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More Hoover (damn!)

mcgrew (92797) writes | more than 5 years ago

United States 0

I wrote about some similarities between 1929 and now, and as I don't want to update the old sm62704 journals I'm adding a brief journal here.

I wrote about some similarities between 1929 and now, and as I don't want to update the old sm62704 journals I'm adding a brief journal here.

I was reading the paper; well OK it isn't paper any more, it's the Chicago Tribune online, but I was shocked at some news that bears on that journal. It seems that Treasury Secretary Henry Paulson echoed Herbert Hoovers words shortly before the Great Depression. The Chicago tribune quotes Paulson:

In Washington, Treasury Secretary Henry Paulson, who refused to toss a financial lifeline to Lehman, was unapologetic as the Bush administration signaled strongly that Wall Street shouldn't expect more rescues from Washington.

The American people should remain confident in the "soundness and resilience in the American financial system," Paulson told reporters at the White House.

In 1931 in his book Only Yesterday (the the entire book is hosted at virginia.edu), historian Frederick Lewis Allen says (and the emphasis here is mine):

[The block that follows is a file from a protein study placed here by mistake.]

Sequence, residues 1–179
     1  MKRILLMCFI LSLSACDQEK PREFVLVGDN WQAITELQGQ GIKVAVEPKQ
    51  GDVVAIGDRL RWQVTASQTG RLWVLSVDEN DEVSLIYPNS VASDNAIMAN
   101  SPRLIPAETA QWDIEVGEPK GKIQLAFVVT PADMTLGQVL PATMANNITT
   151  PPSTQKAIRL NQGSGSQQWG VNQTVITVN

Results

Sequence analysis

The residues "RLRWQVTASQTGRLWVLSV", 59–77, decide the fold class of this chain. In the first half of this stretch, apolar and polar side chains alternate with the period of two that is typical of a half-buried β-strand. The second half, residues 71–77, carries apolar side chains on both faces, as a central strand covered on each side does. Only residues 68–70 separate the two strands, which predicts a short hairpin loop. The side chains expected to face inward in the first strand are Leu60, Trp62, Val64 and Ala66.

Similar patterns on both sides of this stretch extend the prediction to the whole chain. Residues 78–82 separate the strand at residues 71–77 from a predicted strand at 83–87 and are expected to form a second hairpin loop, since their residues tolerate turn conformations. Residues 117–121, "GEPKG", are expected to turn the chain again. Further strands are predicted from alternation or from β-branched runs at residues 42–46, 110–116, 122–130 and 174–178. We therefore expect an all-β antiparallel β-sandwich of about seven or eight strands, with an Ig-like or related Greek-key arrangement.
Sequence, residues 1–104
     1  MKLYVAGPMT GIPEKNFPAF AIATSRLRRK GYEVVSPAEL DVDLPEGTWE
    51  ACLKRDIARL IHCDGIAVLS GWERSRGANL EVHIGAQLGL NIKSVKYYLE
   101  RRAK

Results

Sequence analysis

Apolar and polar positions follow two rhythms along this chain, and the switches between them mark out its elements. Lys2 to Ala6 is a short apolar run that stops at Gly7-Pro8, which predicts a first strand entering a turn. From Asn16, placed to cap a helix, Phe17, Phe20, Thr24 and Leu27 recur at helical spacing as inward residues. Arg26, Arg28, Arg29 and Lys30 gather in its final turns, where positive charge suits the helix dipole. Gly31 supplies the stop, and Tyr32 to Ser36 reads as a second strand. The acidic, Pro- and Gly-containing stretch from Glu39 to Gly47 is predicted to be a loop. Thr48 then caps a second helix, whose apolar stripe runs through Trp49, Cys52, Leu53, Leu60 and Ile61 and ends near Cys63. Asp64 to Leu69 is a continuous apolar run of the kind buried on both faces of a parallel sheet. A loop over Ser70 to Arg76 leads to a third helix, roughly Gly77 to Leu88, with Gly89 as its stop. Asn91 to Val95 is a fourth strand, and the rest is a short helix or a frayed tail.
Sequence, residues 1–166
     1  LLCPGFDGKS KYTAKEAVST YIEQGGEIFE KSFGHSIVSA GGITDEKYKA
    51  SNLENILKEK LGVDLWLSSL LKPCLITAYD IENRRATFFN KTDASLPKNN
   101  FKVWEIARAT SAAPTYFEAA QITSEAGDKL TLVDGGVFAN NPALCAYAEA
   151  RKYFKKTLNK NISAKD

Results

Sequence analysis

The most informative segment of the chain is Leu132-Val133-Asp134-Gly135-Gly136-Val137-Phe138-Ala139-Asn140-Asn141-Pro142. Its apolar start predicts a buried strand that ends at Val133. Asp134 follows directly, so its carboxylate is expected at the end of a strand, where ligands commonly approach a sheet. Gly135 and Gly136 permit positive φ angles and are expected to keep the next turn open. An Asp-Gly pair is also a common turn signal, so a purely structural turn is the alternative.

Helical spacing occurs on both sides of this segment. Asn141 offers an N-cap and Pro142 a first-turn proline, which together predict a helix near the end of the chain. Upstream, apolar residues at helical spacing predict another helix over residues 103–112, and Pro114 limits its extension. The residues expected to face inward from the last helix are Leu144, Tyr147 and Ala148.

Things looked somewhat better on Friday and Saturday. Trading was still on an enormous scale, but prices for the most part held. At the very moment when the bankers' pool was cautiously disposing of as much as possible of the stock which it had accumulated on Thursday and was thus preparing for future emergencies, traders who had sold out higher up were coming back into the market again with new purchases, in the hope that the bottom had been reached. (Hadn't they often been told that "the time to buy is when things look blackest"?) The newspapers carried a very pretty series of reassuring statements from the occupants of the seats of the mighty; Herbert Hoover himself, in a White House statement, pointed out that "the fundamental business of the country, that is, production and distribution of commodities, is on a sound and prosperous basis." But toward the close of Saturday's session prices began to slip again. And on Monday the rout was under way once more.

While my government is fearing the terrorists halfway around the world and their incindiary bombs, we citizens are being terrorized by the terrorists on Wall Street and Pennsylvania Avenue.

The new President, whoever he may be, might be spared the "new Hoover" moniker, because it's possible the whole thing will come crashing down before the election.

If it does you can probably count on an Obama landslide.

---

Offtopic for this journal entry, but I want to thank you for the kind comments in the "Ralph" Journal. I'd have responded to all of them individually, but as my karma is merely "good" as opposed to the "excellent" karma at the sm62704, I can only post 25 comments in a 24 hour period, and I used most of those 25 responding to comments that responded to comments.

Again, thank you for your sympathies. News of Richard Wright's death was in today's Tribune as well; my sympathies go out to his friends and family. Pink Floyd has been one of my favorite bands for decades.

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